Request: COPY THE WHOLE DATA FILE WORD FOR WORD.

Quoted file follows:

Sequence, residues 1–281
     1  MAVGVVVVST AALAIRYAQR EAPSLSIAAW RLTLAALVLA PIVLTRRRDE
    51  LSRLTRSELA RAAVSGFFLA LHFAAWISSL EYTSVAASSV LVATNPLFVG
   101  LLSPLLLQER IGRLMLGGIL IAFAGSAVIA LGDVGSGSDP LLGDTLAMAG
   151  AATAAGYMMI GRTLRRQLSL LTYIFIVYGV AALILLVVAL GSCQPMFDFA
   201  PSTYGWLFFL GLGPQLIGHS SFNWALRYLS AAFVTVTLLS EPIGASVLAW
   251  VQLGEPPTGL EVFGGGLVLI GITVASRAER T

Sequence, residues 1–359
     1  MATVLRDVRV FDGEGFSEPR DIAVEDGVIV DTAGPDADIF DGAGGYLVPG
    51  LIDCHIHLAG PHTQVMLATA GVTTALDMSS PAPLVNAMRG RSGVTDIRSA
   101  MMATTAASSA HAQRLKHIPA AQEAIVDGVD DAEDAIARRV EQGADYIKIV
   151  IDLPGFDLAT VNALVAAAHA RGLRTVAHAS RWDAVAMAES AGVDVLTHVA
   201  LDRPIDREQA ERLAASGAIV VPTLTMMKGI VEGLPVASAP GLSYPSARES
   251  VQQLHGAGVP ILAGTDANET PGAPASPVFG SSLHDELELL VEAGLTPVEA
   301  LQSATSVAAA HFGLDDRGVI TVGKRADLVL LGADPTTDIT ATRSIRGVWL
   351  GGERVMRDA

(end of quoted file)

Sequence, residues 1–281
     1  MAVGVVVVST AALAIRYAQR EAPSLSIAAW RLTLAALVLA PIVLTRRRDE
    51  LSRLTRSELA RAAVSGFFLA LHFAAWISSL EYTSVAASSV LVATNPLFVG
   101  LLSPLLLQER IGRLMLGGIL IAFAGSAVIA LGDVGSGSDP LLGDTLAMAG
   151  AATAAGYMMI GRTLRRQLSL LTYIFIVYGV AALILLVVAL GSCQPMFDFA
   201  PSTYGWLFFL GLGPQLIGHS SFNWALRYLS AAFVTVTLLS EPIGASVLAW
   251  VQLGEPPTGL EVFGGGLVLI GITVASRAER T

Sequence, residues 1–359
     1  MATVLRDVRV FDGEGFSEPR DIAVEDGVIV DTAGPDADIF DGAGGYLVPG
    51  LIDCHIHLAG PHTQVMLATA GVTTALDMSS PAPLVNAMRG RSGVTDIRSA
   101  MMATTAASSA HAQRLKHIPA AQEAIVDGVD DAEDAIARRV EQGADYIKIV
   151  IDLPGFDLAT VNALVAAAHA RGLRTVAHAS RWDAVAMAES AGVDVLTHVA
   201  LDRPIDREQA ERLAASGAIV VPTLTMMKGI VEGLPVASAP GLSYPSARES
   251  VQQLHGAGVP ILAGTDANET PGAPASPVFG SSLHDELELL VEAGLTPVEA
   301  LQSATSVAAA HFGLDDRGVI TVGKRADLVL LGADPTTDIT ATRSIRGVWL
   351  GGERVMRDA